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Film Is Undergoing A Renaissance

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Film is undergoing a renaissance with an increasing number of clients returning to film for shooting features, commercials and pop promos, writes Adrian Bull, CEO, Cinelab London.

A large contributing factor has undoubtedly been the demand for higher resolution and higher dynamic range images demanded by platforms not constrained by the historic boundaries of broadcast television. What we have known for decades is that celluloid film as an acquisition format has always been 'HDR' and has far more detail and range than we have typically been able to resolve in the video world.

Improvements in display technology and increased bandwidth have presented the opportunity to deliver higher value content and unlock the inherent qualities of film which can only now start to be realised in the digital world. Remastering 50-year-old, 35mm negatives to 4K and high dynamic range really does uncover a delightful quality that has never been seen before. With the latest digital restoration tools we can remove unwanted dirt, scratches, distortions, etc.

Coupled with sophisticated grading we can then technically compensate for deterioration and creatively enhance the result beyond the capabilities and tools that were available when the film was made in a purely photochemical environment. We are incredibly lucky to be close to these master assets on a daily basis, and constantly surprise clients with a rejuvenated version of their prized films.

A recent case in point was Director John Goldschmidt's documentary film, 'The Unlucky Australians'. The documentary based on Frank Hardy's book, 'The Wave Hill Walk Off', told the story of the Aboriginal Gurindji peoples' ongoing campaign for land rights, and is an amazing piece of Australian history. The film had never been shown publicly in Australia until August 2017, when a remastered HD version created by Cinelab London was aired by ABC.

Two 16mm prints and a Sep Mag existed within ITV's library. The prints were different editorially due to film damage in projection and suffered different levels of fading due to age. Both versions were scanned, inter-cut taking the best elements and then graded and restored along with the soundtrack. John Goldschmidt supervised the process and attended the grade with Cinelab London's Senior Colourist, Paul Dean. Due to extreme time constraints, the project had to be completed in little over a week, with the result delivered electronically to ABC for transmission.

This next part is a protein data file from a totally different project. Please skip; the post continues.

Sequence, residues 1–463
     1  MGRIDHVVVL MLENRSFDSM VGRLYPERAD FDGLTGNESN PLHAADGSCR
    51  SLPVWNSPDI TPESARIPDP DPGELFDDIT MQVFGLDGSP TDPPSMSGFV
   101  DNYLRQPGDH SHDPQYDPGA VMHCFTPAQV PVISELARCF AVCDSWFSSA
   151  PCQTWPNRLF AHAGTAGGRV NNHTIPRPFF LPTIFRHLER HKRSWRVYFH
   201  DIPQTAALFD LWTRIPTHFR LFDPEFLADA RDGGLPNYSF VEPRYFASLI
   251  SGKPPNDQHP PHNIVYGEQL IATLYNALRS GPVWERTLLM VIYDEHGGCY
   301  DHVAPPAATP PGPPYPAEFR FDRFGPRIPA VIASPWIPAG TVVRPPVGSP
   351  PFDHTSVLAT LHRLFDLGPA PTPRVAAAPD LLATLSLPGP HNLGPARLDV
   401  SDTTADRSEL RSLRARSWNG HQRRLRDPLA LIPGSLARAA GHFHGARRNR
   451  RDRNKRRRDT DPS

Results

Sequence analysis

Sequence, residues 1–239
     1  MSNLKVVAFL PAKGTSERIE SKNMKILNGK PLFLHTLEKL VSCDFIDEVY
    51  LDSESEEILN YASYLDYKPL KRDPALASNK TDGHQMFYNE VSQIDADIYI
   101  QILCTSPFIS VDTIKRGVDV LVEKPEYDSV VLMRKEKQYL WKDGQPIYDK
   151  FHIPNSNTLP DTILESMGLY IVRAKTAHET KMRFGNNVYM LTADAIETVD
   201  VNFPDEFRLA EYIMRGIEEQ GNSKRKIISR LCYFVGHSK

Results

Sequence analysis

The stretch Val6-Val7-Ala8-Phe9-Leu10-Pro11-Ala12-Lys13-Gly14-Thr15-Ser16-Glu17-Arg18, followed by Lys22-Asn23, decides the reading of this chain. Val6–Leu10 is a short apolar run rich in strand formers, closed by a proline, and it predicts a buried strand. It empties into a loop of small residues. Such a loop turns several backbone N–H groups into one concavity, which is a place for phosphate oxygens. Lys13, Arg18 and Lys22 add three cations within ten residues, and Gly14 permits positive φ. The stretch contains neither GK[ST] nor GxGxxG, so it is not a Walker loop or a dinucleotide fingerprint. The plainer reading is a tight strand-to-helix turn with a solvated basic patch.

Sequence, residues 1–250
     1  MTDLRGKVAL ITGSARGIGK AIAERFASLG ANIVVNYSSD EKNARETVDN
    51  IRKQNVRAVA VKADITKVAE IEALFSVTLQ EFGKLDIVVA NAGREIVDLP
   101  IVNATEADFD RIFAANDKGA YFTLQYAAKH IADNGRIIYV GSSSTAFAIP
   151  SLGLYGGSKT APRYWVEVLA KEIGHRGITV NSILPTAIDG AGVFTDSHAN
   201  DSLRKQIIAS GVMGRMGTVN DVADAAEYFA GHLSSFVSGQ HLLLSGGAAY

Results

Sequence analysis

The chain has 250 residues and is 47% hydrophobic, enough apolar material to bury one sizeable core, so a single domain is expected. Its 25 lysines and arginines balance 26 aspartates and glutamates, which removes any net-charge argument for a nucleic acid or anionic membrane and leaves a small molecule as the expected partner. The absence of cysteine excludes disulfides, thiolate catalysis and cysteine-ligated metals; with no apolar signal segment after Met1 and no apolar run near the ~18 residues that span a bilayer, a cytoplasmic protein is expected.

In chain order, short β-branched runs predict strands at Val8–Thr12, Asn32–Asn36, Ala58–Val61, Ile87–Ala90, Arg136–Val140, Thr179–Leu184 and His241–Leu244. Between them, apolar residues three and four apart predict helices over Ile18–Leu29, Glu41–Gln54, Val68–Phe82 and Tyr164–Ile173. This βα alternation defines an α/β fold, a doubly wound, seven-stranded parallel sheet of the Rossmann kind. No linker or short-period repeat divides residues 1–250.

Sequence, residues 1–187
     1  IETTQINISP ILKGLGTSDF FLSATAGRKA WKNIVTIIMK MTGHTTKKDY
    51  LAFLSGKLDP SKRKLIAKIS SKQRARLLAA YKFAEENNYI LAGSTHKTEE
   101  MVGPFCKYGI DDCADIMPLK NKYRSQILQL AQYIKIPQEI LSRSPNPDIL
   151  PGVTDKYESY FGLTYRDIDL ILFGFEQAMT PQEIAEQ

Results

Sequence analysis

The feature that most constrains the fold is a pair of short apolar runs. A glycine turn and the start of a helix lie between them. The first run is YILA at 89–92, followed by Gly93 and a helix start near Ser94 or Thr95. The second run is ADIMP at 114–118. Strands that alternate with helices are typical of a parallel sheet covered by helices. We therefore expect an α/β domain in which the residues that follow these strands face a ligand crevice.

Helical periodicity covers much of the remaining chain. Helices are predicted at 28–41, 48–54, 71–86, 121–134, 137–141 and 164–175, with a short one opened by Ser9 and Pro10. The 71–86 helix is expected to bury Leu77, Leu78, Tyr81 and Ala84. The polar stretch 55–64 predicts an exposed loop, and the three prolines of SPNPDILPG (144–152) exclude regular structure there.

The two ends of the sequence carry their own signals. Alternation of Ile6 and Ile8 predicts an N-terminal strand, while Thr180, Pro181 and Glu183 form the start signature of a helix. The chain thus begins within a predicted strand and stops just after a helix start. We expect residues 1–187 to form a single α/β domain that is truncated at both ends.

The result, in John's own words, was "outstanding and looked better than when the film was made in 1973."

Marie Davies, who dealt with the acquisition for ABC Australia, was equally impressed, particularly with the sound mix for a film that was 45 years old.

We regularly work with film dating back to the beginning of the twentieth century, and what is remarkable is that the film is nearly always viable – we clean it, shine a light through it and get a picture! We also provide a tremendous range of tape digitisation as video and audio archives have fewer places to go to deal with these ageing formats. These are often much more problematic as any physical damage or deterioration of magnetic tape formats is particularly difficult to overcome.

It will be interesting to see in another 100 years' time how data acquisition and archiving fares. We know that productions shooting film today will still be able to recover their content, and in the case of 65/70mm may even be able to fully realise its true resolution in the digital world. For the video world that has evolved from magnetic tape to data devices, there are more options than ever. Which of these will survive into the next century and remain recoverable?

Image caption: John Goldschmidt.

This article also features in the September edition of Broadcast Film & Video.

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